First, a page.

Lastly, there is the colossal 13-metre-high rock-cut sculpture of Chakrak Ma. It represents Durga as the slayer of the buffalo demon Mahisasura. The Goddess has 10 hands, with her right leg pressed firmly on the Asura as she subdues him, and her left leg placed on her vahana, the lion. Her hair fans her face. A closer look reveals that her hair is snakes emanating from her head. This feature of Chakrak Ma is akin to Medusa of Greek lore.
The boat stops here so that visitors can climb a few steep stairs to reach Chakrak Ma and pay their respects to her.
While returning, the boat once again halts to explore the cave of Chabimura. According to local Jamatia legend, King Chichingfa had gathered all his treasures in a wooden chest and hidden them somewhere inside the cave. The treasure is said to be guarded by a huge python. The local tribal people believe that the cave is divinely protected and therefore should not be entered by mere mortals. Those who try to enter the cave to steal the treasure shall face the wrath of Chakrak Ma.
A narrow road along with a few steep, makeshift stairs leads towards the cave. A stream of waterfalls will accompany you up to the cave. Since the area is covered in dense forest, sunlight does not seep through here. Hence, the area is damp and dusky, while the path is slippery. You need to watch your step carefully here.
The exceptional rock carvings at Chabimura testify to the artistic capabilities of the local artisans. They also represent the ancient civilization that once flourished in this region.
Where is Chabimura located?
Chabimura is located on the bank of the Gomati River at Haakwchak near Amarpur. It lies at a distance of 82 km from the capital city of Agartala and 30 km from Udaipur.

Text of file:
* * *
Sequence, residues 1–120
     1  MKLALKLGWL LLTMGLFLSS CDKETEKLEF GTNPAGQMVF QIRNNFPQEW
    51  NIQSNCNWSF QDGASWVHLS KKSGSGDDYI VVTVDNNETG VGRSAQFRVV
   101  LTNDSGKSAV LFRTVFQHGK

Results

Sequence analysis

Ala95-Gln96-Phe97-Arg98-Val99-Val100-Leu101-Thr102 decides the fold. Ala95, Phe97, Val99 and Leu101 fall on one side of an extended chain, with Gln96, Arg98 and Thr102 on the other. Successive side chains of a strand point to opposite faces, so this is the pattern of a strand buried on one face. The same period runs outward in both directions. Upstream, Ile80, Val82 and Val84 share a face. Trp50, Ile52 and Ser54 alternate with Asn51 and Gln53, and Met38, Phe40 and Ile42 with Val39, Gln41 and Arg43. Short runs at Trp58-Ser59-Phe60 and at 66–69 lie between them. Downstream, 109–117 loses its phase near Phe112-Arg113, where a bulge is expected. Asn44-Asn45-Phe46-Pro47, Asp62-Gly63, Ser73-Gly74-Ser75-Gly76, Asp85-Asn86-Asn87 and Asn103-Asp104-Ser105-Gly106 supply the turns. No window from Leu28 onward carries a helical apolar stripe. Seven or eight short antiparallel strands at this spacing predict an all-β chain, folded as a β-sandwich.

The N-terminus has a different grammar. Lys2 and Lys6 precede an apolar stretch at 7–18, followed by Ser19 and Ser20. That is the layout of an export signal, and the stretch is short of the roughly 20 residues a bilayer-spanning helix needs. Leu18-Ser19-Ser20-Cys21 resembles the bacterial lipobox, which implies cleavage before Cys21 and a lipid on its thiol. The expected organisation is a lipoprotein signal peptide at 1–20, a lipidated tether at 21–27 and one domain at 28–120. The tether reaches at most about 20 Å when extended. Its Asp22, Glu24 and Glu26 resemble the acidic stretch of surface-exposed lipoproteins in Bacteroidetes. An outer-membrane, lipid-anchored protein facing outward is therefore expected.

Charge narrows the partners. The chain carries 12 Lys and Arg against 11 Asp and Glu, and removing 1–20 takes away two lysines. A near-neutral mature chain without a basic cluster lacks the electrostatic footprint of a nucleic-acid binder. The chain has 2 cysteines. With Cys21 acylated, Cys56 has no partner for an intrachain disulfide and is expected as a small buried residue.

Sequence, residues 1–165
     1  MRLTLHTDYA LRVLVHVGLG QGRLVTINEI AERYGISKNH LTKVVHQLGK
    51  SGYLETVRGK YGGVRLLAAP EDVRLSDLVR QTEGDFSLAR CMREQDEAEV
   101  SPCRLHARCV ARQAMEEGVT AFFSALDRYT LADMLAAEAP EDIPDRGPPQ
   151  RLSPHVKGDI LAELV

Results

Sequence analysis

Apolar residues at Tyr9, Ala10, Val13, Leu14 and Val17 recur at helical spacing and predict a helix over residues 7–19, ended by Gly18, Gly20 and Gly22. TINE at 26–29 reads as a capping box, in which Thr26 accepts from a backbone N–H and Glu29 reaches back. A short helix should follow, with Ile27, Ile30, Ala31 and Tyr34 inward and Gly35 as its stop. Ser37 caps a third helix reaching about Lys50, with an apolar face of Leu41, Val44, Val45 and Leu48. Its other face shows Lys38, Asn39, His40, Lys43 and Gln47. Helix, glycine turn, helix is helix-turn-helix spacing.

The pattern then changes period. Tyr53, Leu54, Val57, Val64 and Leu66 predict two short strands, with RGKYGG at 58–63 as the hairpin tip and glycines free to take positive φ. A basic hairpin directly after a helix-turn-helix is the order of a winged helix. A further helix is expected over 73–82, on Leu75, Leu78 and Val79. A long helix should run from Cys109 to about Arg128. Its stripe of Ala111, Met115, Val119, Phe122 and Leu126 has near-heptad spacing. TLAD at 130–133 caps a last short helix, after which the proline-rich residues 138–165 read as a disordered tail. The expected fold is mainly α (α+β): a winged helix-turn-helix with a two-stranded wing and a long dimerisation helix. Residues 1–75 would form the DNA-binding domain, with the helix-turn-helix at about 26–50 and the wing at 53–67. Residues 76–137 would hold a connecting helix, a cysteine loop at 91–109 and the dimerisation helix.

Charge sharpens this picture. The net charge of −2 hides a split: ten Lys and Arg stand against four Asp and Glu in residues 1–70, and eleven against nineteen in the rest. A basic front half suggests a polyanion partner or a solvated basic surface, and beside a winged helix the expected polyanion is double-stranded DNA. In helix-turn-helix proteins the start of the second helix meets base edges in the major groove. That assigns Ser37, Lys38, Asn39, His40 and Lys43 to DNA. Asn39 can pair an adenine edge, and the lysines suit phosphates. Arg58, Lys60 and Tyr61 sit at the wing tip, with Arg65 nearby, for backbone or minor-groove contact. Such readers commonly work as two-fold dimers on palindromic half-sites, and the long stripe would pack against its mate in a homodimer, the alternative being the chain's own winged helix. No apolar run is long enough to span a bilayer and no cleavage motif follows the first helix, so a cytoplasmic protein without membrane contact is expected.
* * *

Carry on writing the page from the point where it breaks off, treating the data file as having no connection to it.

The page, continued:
How can I reach Chabimura?
Chabimura can be reached from Udaipur by travelling through the picturesque Udaipur – Amarpur highway. It is convenient to hire a car to reach the Chabimura rock carvings since it lies in an interior village some 10 km away from Amarpur.
Otherwise, you can take a bus from Udaipur to reach Amarpur. From Amarpur, you can hire a ‘toto’ to reach the archaeological site.
As for us, we hired a car from Matabari and visited Chabimura along with Damboor Lake as a day trip.
What is the best time to visit Chabimura?
October to March is the best time to explore the caves and carvings of Chabimura. Avoid the monsoon as the river turns furious due to the heavy rainfall. The caves also become inaccessible during this time.
Where can I stay in Chabimura?
You can book a stay at Sagarika Parjatan Niwas near the Fatik Sagar Lake in Amarpur.
Where can I eat in Chabimura?
You won’t find any eateries at Chabimura. However, a few roadside stalls are available at Amarpur where you will find parathas, chowmein, fried rice, and chicken and pork items.
How can I travel to Chabimura?
Motor boats are the only option for braving the Gomati River in Chabimura. Boat rides are available till 4 PM. The ride costs INR 150 per head. The boats don’t leave until all the seats are booked. Generally, 10-15 passengers are accommodated in one motor boat.
You can also hire an entire boat for yourself. This will cost you INR 3000.
Try reaching the boating counter early, as the number of tourists decreases with time. As mentioned earlier, the boats will not leave unless they are fully occupied.
What are the other nearby attractions?
You can visit the beautiful Damboor Lake, which is the source of the Gomati River and is situated around 60 km away from Amarpur town.